Right now, inflation in the US economy is feeling a little like an overtired toddler: impossibly stubborn. Even as gas prices fell in August, inflation refused to follow suit, rising an uncomfortable 8.3% from a year earlier. This means that the moderation that we’d been holding our breaths for, has yet to arrive, and prices for rent, healthcare, food, and goods continue to soar at a rapid pace.
And that much-anticipated housing market softening? Arguably less stubborn! After a year of double-digit gains, housing prices are dropping, but many of the largest markets remained overvalued and inaccessible thanks to high mortgage rates and low levels of inventory. All this is to say, mobility professionals are being challenged to get creative in terms of relocation budgets and protecting the mobile employee experience.
In the first and second installments of this blog post, I broke down how soaring inflation, a booming housing market, and sky-high mortgage rates are impacting mobility, and shared some of the savvy responses embraced by other companies to do more with less. Now I’m exposing the real secret sauce – based on research and anecdotal evidence from our Advisory Services Team – to conquering affordability concerns, helping your mobile talent navigate these sticky markets successfully, and overcoming a reluctance to relocate.
At Weichert, we’ve certainly seen an increase in requests from companies looking for solutions to their affordability challenges. Some companies allow employees to rent for a defined period prior to purchasing a home (typically within one year). Others have begun to dust off their Mortgage Subsidy programs and Mortgage Interest Differential Assistance (MIDA), and are looking at newer products to support the initial purchase:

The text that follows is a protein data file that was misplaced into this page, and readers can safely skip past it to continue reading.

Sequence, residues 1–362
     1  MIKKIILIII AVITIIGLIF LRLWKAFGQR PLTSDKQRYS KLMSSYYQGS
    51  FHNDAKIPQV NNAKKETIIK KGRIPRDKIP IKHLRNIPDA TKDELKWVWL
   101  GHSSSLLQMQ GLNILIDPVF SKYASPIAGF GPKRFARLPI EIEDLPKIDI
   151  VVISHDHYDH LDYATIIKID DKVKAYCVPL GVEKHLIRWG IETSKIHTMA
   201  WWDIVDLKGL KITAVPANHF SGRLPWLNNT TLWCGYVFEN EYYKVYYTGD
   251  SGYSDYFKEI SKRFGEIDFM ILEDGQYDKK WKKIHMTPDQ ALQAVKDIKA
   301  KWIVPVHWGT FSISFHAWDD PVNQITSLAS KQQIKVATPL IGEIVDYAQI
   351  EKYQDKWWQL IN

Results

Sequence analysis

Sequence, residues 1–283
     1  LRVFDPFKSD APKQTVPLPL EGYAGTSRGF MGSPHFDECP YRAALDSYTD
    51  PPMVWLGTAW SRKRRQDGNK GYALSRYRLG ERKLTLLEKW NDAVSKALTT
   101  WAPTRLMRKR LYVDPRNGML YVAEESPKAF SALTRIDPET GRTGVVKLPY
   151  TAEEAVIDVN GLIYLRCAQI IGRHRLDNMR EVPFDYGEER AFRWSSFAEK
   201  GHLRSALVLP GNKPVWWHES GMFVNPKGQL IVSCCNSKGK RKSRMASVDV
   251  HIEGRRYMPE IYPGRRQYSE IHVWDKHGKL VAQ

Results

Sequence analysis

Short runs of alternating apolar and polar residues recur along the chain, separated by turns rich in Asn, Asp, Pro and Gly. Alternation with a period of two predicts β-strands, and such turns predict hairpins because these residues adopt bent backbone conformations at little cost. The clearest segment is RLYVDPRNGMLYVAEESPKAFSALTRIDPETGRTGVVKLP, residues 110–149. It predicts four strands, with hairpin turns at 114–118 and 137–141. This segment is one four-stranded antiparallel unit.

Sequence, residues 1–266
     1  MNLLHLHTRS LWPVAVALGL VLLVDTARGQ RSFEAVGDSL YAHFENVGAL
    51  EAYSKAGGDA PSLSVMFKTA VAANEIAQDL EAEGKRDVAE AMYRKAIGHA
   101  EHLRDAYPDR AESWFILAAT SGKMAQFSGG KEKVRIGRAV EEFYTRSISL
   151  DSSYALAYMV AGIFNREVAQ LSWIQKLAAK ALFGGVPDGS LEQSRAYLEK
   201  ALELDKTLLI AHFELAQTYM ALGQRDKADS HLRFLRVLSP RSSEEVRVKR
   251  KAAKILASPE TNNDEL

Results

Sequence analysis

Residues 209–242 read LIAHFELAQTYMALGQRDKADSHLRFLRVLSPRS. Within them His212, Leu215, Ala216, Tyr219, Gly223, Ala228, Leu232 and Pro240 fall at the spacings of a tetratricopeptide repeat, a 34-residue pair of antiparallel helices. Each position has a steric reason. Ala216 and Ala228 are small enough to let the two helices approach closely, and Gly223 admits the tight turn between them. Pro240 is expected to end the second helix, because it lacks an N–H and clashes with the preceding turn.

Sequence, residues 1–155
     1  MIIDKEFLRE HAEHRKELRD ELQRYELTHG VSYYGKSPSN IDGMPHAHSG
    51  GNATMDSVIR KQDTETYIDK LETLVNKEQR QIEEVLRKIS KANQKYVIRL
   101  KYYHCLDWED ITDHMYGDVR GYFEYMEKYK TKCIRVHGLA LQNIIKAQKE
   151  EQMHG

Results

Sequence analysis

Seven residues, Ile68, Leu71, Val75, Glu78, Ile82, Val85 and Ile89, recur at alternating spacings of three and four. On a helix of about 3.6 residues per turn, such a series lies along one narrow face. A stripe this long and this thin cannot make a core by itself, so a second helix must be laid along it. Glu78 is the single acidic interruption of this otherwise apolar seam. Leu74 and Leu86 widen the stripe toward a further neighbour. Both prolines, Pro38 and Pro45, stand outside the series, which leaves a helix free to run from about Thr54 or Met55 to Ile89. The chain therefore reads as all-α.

A MIDA benefit may help ease employee concerns related to the financial impact of accepting a move at a time when the cost of financing could be considerably higher. With the ability to customize a MIDA program/benefit, employers have the ability to set cost-containment parameters that align with their overall mobility program, while enticing key talent by offsetting some initial negative financial impact associated with the purchase of a new home.Michael Baldyga
A subsidy benefit can also be transferred to a new loan should market conditions improve and the employee refinances into a lower note rate during the benefit period. This flexibility can help further offset the overall financial impact of increased finance costs.”Michael Baldyga
If you’re thinking about adding a formal approach to high housing costs, here are the top best practices that balance supporting your employees and reinforcing cost containment for the company:
What goes up, must come down, bringing hope that the rate of inflation and mortgage rates will eventually slow. But a nationwide drop is unlikely to happen without a substantial economic shift. Let us know about any changes that you’re making to your program to assist employees in purchasing a new home… Just look for our welcome mat outside the door!